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Kazan

Kazan is gorgeous, even in winter when it’s fairly empty. Moscow and St Petesburg are big, international cities, so they’ve got tourists and crowds even now in the way-off season. Kazan, not so much. Once again, the chorus rang, ‘it’s so nice here in the summer, why are you here NOW?’

Still no regrets. The frozen Volga river is a thing to behold. You roll across it as you come into Kazan’s central station, and it was mid-morning when I arrived so I could see snow-covered everything. There were people out there straight up walking on it. (I don’t know what they were doing particularly, maybe ice fishing?)

I found the right tram and got off at the right stop despite them only announcing about every 3rd one. Then my fantastic host Maria let me take a shower while she made me breakfast. (Everyone is making me breakfast! Delicious, delicious, hot breakfast. It’s amazing! I freaking love breakfast! This country is INTO it.)

There isn’t a whole lot to do in Kazan in winter. I managed to see the Kremlin, where the mosque and the cathedral sit happily next to each other, and the Soviet Lifestyle museum within a few hours, then sat in a cafe with a pot of tea and a massive piece of poppyseed cake wondering what I’d do for two more days.

The Soviet Lifestyle museum is a private collection I’d really been looking forward to seeing because you’re allowed to play with about 50% of the stuff in there. There’s clothes and hats you can try on and lots of toys and old books and magazines and things to look through and tinker with. It’s basically a bunch of cool old stuff, which wouldn’t be nearly as remarkable if you weren’t able to interact with it. It was a fun way to spend an hour. Definitely one of the times I wish I’d had someone with me for more goofing off potential.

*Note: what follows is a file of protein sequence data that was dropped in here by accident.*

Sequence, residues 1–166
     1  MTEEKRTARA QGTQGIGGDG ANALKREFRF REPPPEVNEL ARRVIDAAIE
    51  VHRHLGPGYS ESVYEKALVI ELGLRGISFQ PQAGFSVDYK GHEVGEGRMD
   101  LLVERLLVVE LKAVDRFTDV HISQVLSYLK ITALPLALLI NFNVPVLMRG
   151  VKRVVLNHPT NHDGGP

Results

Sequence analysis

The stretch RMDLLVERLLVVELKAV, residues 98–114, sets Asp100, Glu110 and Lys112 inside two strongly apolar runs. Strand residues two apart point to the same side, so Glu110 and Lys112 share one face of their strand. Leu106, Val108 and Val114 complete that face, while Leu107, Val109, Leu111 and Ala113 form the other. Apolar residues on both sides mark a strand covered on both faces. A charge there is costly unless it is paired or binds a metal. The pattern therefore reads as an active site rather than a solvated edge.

The first night, I bought some snacks and wine in the quietest, most awkward grocery store I’ve ever been in. this was my usual adventures in foreign grocery shopping where I just pick up a bunch of stuff that looks like it might be good and hope it all goes together. Unfortunately, because I can’t read Russian, I didn’t realise I’d picked semi-sweet red wine (boooo) so I failed there. Maria and I drank it anyway, after she impressively used a stiletto heel to open it, having lost her corkscrew. I promised to make dinner on my last night and buy actual good wine to go with it. She promised to take me to two Russian craft beer bars in town the next night. Hooray!

The second day I walked around the Tartar quarter for a bit before seeking out a Tartar food restaurant Maria had recommended for lunch. It’s mostly different sorts of pies and meat. I had some triangular meat pies with clear broth and a sweet rice, cheese and fruit pie, which was all right, a bit greasy. I later tried the national Tartar dessert, Chak Chak, which reminded me of a giant rice-krispie treat.